It is worth looking at a document called ClimateSmart 2050, which was published in 2007 by the Queensland government. It outlines Queensland’s priorities for the next four decades (up to 2050) and promises to reduce the state’s greenhouse gas emissions by 60 per cent during that timeframe. The most striking thing about the document is its assumption that the main problem facing this part of Australia, along with most of the rest of the world, is essentially dryness brought about by global warming. It argues that “the world is experiencing accelerating climate change as a result of human activities”, which is giving rise to “worse droughts, hotter temperatures and rising sea levels”. We are witnessing “a tendency for less rainfall with more droughts”, the document confidently asserted.(Via)
Not surprisingly, given their belief that the Earth would become increasingly parched, Queensland officials emphasised the potential crisis of future “water availability” and promised to prioritise “water conservation”. This is one reason why the Wivenhoe dam at Brisbane was allowed to fill up over the past couple of years: because climate change-obsessed Queensland bureaucrats were convinced that rainfall would decline and dry seasons would become more intense, and therefore as much water as possible had to be stored up for future crises. In March last year, as the Wivenhoe dam went from being just 16.7 per cent full to 80 per cent full, still local politicians told their communities to use water sparingly or else “risk a return to a ban on washing cars and other severe restrictions”.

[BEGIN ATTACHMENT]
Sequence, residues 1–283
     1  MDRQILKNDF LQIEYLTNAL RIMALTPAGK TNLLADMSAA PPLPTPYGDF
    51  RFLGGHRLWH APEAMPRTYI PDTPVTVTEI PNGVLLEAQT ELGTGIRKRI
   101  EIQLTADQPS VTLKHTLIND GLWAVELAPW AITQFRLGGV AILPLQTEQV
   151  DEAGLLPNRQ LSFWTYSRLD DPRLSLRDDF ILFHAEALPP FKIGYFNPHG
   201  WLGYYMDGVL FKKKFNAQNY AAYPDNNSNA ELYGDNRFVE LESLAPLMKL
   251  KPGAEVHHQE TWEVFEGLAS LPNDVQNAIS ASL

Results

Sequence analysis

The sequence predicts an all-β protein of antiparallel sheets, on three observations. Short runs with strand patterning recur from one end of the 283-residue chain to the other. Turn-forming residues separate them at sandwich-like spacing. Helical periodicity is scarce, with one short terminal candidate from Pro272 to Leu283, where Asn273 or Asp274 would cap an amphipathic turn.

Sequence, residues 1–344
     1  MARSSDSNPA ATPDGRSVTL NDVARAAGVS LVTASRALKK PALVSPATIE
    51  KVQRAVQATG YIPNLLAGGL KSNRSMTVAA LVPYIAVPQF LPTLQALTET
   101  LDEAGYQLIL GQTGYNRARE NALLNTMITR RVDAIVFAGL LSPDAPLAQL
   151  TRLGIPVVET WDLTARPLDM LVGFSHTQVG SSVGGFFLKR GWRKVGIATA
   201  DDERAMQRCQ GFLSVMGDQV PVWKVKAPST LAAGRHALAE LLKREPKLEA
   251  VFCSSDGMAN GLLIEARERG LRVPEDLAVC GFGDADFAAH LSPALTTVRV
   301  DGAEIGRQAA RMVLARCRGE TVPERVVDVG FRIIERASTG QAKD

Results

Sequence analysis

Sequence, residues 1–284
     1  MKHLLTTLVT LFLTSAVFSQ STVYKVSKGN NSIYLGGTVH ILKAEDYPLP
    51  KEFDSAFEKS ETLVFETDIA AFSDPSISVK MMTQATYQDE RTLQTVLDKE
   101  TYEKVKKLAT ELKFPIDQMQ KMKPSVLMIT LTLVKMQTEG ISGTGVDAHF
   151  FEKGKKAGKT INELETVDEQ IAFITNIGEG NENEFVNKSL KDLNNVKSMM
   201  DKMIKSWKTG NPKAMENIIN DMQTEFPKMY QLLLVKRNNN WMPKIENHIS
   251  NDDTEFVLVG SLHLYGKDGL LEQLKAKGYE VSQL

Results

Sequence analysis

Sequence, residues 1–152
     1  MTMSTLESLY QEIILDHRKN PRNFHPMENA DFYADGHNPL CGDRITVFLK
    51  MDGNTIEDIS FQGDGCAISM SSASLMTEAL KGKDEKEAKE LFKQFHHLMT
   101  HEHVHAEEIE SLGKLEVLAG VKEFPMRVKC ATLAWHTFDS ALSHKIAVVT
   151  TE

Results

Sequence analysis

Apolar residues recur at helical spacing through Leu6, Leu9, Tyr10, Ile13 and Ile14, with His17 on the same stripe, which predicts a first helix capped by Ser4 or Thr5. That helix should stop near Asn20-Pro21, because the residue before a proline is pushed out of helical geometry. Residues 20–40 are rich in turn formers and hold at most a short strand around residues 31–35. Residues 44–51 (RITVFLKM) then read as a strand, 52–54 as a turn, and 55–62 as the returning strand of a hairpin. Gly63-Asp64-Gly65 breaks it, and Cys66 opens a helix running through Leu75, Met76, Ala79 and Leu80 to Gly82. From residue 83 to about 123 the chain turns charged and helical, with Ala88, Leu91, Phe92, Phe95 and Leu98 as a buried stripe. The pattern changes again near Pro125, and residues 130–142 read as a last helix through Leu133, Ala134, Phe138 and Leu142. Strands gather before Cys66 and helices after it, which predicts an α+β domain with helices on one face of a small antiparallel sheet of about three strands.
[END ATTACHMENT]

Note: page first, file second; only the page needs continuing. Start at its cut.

The Queensland government’s belief that water conservation should be a key priority in this speedily warming world of ours appears to have led to the situation where local dams were allowed to get dangerously full. So in recent weeks, the Wivenhoe dam was running at 150 per cent to 180 per cent capacity, which means that the authorities had to start releasing water from the dam at the same time that the rain-caused flash floods were hitting Brisbane’s river system – effectively contributing to the deluge. It is surely worth asking, at least, whether Queensland officialdom’s embrace of the ideology of climate change, its fervent belief in future manmade drought and thus the need to store as much water as possible, made it unprepared for the current flooding of the Brisbane area.
Adéu a Nihil Obstat | Hola a The Catalan AnalystDesprés de 13 anys d'escriure en aquest bloc pràcticament sense interrumpció, avui el dono per clausurat. Això no vol dir que m'hagi jubilat de la xarxa, sinó que he passat el relleu a un altra bloc que segueix la mateixa línia del Nihil Obstat. Es tracta del bloc The Catalan Analyst i del compte de Twitter del mateix nom: @CatalanAnalyst Us recomano que els seguiu.
Moltes gràcies a tots per haver-me seguit amb tanta fidelitat durant tots aquests anys.
dijous, 20 de gener de 2011
Va contribuir l'obssessió australiana per l'escalfament global a les inundacions de Brisbane?
Brendan O'Neill (Telegraph):
Publicado por NO a les 12:57 p. m.